Matsushita Electric Industrial Co and Hitachi Ltd are discussing multi-billion dollar deals on flat panels that could reshape an industry hit by fierce competition, a source familiar with the matter said.
The two possible deals would allow Matsushita, the world's biggest maker of plasma TVs, to do an about-face and move aggressively into liquid crystal displays (LCDs) while enabling Hitachi to scale down a loss-making business.
Panasonic-brand maker Matsushita is looking to take control of a LCD venture it has with Hitachi and Toshiba Corp, the source said. It will also invest $2.7 billion in a new LCD factory as part of that deal, the Nikkei business daily said.
That would help it address a weak spot in the flat TV market.
Matsushita has invested most aggressively on plasma in the belief that it was the most cost competitive technology for big TVs above 40 inches, but plasma's dominance in that segment of the market has started to give way to bigger and cheaper LCD TVs.
This is a move that Matsushita had to make, said Tetsuro Miyachi, fund manager at Franklin Templeton Investments Japan.
It needed to decide whether it would become a niche player in 50-inch-plus TVs or pursue the mass market, and if it was going to do that it had to get bigger in LCDs, he said.
The Nikkei said Matsushita and Canon Inc are also considering investing more than 100 billion yen each for minority stakes in Hitachi Displays Ltd, which makes small and mid-sized LCDs and is also developing organic light-emitting diode panels.
OLED is a promising next-generation display technology and is seen as an eventual replacement for LCDs.
Matsushita, Hitachi and Canon all issued statements saying nothing had been decided.
Flat panel display makers are pouring billions into new plants to meet growing demand from consumers trading in their boxy tube sets for sexier flat screens.
Japan's Sharp Corp is spending over $3 billion to build the world's biggest LCD plant while Sony Corp and partner Samsung Electronics Co are ramping up production at their plant in South Korea.
Global LCD TV sales will likely grow 85 percent to $91 billion by 2010, while rival plasma TV demand is expected to shrink 15 percent to $15.8 billion over the same period, according to research firm DisplaySearch.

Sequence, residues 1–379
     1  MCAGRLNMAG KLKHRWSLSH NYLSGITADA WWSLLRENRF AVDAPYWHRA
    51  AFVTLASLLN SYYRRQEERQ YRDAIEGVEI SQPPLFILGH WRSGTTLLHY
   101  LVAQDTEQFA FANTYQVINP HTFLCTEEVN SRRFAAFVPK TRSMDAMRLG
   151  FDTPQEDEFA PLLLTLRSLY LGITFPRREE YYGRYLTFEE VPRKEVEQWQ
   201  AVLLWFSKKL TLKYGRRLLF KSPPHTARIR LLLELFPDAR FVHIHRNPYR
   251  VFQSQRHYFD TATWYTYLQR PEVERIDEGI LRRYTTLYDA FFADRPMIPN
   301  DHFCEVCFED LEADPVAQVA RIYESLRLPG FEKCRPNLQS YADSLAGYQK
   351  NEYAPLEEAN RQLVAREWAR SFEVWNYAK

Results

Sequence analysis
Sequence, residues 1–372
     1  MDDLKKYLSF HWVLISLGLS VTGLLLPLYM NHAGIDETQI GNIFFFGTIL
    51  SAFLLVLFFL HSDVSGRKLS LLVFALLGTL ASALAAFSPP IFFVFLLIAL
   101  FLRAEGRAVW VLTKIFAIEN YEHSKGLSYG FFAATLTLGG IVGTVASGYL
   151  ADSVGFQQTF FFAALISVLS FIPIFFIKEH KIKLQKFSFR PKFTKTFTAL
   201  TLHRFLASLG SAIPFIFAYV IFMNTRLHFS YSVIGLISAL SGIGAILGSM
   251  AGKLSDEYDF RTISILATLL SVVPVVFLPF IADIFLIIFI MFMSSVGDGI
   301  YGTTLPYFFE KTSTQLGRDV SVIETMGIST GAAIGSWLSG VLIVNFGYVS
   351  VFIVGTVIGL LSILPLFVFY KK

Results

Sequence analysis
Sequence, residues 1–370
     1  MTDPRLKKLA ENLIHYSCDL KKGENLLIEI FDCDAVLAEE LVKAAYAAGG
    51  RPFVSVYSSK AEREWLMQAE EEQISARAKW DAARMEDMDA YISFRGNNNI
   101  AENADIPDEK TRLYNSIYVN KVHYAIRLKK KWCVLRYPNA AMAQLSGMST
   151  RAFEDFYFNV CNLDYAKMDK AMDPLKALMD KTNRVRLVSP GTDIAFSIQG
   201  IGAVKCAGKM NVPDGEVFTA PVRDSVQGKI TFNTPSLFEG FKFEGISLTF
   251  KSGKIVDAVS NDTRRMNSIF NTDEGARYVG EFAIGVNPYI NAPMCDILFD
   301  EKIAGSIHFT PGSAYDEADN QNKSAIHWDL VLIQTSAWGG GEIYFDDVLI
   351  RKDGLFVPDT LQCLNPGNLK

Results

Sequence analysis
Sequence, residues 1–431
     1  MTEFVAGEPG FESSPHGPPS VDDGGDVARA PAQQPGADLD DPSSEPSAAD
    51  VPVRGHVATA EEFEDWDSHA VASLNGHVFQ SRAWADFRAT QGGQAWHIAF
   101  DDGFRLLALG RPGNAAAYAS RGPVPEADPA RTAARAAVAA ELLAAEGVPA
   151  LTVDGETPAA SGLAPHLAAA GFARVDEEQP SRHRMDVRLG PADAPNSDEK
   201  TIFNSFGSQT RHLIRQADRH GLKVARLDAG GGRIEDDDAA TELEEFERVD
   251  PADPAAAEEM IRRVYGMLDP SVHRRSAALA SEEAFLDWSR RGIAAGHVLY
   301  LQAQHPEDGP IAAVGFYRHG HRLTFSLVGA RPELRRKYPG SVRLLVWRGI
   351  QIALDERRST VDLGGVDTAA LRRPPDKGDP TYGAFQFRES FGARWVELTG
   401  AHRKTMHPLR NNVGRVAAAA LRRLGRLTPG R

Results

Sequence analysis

But some analysts questioned the logic behind Matsushita making such a big bet on LCD production at this stage.
The Nikkei said Matsushita's new LCD factory would likely make LCD panels from so-called eighth-generation motherglass, which is bigger and more efficient than the sixth-generation glass currently used at their IPS Alpha Technology joint venture.
But any new factory was unlikely to come into operation until around 2010. By that time Sony and Samsung will have been working with 8th-generation glass for several years and Sharp's new factory will be cutting panels from 10th-generation glass.
Shinko Securities analyst Hideki Watanabe said global demand for LCD TVs could peak around 2009 as Japan, Europe and the United States complete their switch to digital broadcasting, which has been driving sales for flat TVs.
The timing is just too late, Watanabe said.
For Canon, the investment in Hitachi Displays would give it access to OLED panels which it hopes to use in its digital cameras and ink jet printers as part of its strategy to bring production of key parts in-house to lower costs.
The deal would also mark the latest reorganization for Hitachi, a sprawling conglomerate which is under pressure to hive off unprofitable businesses to sharpen its focus. It is currently considering selling a stake in its loss-making hard drive unit.
Franklin Templeton's Miyachi said the reported deal was probably not drastic enough.
They are moving in the right direction but still it only goes half-way. It would be much better for Hitachi to pull out of the business completely, he said.
Matsushita's shares closed down 0.9 percent at 2,225 yen, Hitachi fell 1.2 percent to 775 yen, and Canon lost 0.6 percent to 5,400 yen. The benchmark Nikkei average .N225 dropped 1.2 percent.